Too young to understand that her parents and uncle were dead, a four-year-old girl assumed they were "sleeping and could not get up."
The girl and her eight-month-old brother lived with the bodies for days before their oldest sibling, 21-year-old Vishad Mohammed, made the horrific discovery at their house at Clarke Road in Penal on Thursday at about 3.30 pm.
The children were unharmed. But relatives remained baffled about the conditions the orphans endured, as well as the pungent odour of the bodies.
Yesterday the children were receiving medical care at the San Fernando General Hospital. A male relative is assisting police with the investigations.
The victims were scrap-iron and used truck parts dealer Wazir "Punkhan" Mohammed, 57, his wife Shelly-Ann Ragoonanan-Mohammed, 43, and his brother Nazim Mohammed, 52. The couple had three children.
After calls had gone unanswered since Sunday night, the driver of one of the family, 71-year-old Vijay Ramlal, picked up the eldest son to check on them. Vishad was staying with other relatives at Penal Rock Road.
On arrival he honked the horn, but no one answered, and the huge front gate was locked. Instead, the little girl came out, looking unkempt.
Ramlal said: "When I reached, the place was in a terrible condition. I reversed and parked the car, then I saw (girl’s name) came out and I asked her for her mummy. She said, ‘Mummy sleeping and she cannot get up.’ I asked about the father and she said the same thing."
Mohammed climbed over the gates and found the bodies. The back door had been broken down and there were bloodstains everywhere. The bodies were on the floor of the living room.
The two men called the police.
Ramlal cried as he recalled what happened next.
"When the police came, the children hugged me and did not want to leave me. The little one did not want to let go. The baby had on Pampers (diapers). The girl was telling police she changed the child Pampers and made food. Police found a partially opened tin of milk.
"I did not go into the house, but I saw Punkhan’s body by the door."
He said the girl, who goes to a pre-school in the area, calls him Papa.
"The baby cannot speak, but knows me well. His diaper was dirty, and she said she had changed it.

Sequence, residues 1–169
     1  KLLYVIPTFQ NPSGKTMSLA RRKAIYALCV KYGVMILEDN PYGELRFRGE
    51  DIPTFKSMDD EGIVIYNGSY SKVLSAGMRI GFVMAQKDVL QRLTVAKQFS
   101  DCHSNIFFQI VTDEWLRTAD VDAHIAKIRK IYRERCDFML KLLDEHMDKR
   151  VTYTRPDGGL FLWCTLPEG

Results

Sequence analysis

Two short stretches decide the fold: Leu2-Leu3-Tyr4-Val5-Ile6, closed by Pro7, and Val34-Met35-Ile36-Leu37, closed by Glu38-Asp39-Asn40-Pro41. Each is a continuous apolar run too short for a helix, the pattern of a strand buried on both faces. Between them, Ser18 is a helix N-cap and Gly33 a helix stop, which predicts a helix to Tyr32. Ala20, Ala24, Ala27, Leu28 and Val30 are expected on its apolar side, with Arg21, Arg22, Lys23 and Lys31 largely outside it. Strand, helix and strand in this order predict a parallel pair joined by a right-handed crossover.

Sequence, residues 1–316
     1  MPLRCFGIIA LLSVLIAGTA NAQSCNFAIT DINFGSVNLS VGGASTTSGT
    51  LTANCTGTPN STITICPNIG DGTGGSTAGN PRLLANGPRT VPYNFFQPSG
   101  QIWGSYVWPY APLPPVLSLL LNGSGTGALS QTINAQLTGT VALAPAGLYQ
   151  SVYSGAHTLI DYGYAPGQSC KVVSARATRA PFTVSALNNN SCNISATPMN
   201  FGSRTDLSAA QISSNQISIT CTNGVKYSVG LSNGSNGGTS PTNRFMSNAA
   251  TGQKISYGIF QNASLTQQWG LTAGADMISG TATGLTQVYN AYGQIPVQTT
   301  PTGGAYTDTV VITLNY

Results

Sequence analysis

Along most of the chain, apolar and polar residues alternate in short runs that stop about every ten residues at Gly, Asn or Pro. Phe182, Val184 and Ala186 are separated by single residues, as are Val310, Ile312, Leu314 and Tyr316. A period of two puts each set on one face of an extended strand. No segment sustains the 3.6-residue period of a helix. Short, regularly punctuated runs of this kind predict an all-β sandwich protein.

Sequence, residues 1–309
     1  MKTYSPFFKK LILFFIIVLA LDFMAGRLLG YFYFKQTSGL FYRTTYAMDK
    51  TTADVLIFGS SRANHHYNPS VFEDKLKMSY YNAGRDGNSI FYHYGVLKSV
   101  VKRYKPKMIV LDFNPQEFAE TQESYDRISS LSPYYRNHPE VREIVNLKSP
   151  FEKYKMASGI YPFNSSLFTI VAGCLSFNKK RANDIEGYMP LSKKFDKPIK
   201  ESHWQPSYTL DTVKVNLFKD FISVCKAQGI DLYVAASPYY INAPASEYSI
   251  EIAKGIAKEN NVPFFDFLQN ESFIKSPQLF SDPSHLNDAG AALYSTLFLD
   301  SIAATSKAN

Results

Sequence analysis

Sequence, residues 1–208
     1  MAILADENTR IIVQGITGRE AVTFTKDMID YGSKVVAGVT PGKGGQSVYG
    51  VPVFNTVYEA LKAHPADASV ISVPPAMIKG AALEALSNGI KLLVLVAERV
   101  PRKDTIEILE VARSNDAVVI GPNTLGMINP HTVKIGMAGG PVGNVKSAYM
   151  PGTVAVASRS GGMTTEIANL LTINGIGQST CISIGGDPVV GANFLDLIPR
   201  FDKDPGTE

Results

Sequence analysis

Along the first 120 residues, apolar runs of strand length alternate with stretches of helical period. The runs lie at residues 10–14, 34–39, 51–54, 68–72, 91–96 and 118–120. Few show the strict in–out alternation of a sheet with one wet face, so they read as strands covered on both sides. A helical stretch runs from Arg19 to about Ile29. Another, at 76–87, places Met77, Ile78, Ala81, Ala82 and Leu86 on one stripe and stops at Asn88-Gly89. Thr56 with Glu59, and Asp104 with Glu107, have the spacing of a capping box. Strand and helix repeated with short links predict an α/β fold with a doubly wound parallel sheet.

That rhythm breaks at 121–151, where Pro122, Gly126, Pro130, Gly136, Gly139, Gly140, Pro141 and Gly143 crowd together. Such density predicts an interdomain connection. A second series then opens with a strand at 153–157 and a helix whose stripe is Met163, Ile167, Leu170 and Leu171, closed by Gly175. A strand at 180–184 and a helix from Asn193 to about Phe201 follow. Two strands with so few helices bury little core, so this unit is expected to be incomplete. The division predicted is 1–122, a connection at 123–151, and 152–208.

"To my knowledge, they are not involved in anything illegal. If Punkhan had any enemies, he kept it to himself.
"They were very nice to me always."
A staff member at the girl's pre-school told Newsday: "She is a star student who is very outgoing and smart. She is very helpful, and she would help out her brother. Feeding and cleaning him is something I believe she would do."
Ragoonanan-Mohammed’s brother Vijay Ragoonanan, 50, of Bunsee Trace, Penal, described her as a very quiet person. He said relatives broke the news at about 7 pm on Thursday and he did not see the bodies.
"She called and spoke to her son on Sunday at about 7 pm. He stays next door by my brother, but also lives at Clarke Road. Thank god Vishad was not there, Maybe they (the killers) would have killed him too.
"Last night he could not sleep. He kept breaking down every time he talked about it. It is very hard for him," Ragoonanan said.
Clarke Road residents said the Mohammed family was very private and hardly spoke to anyone. Earlier in the week, one neighbour said, there was a smell, but they never imagined it was that of dead bodies.
One neighbour initially believed it was a dead animal.
"I say it was maybe a dead duck, because another resident minds ducks nearby. I thought that maybe a dog dragged the carcass.
Of the Mohammeds they said, "These people do not mingle with anyone. If they have to go out, they would call a private car and the driver would pick them up and drop them off. It was when police came, we knew about it."
Another said, "They were very private. We don’t know anything about them. They kept to themselves."
An autopsy revealed Wazir had been shot twice. The killer or killers slit the throats of Wazir, his wife and brother.
Police from the Homicide Bureau Region III and Penal are investigating.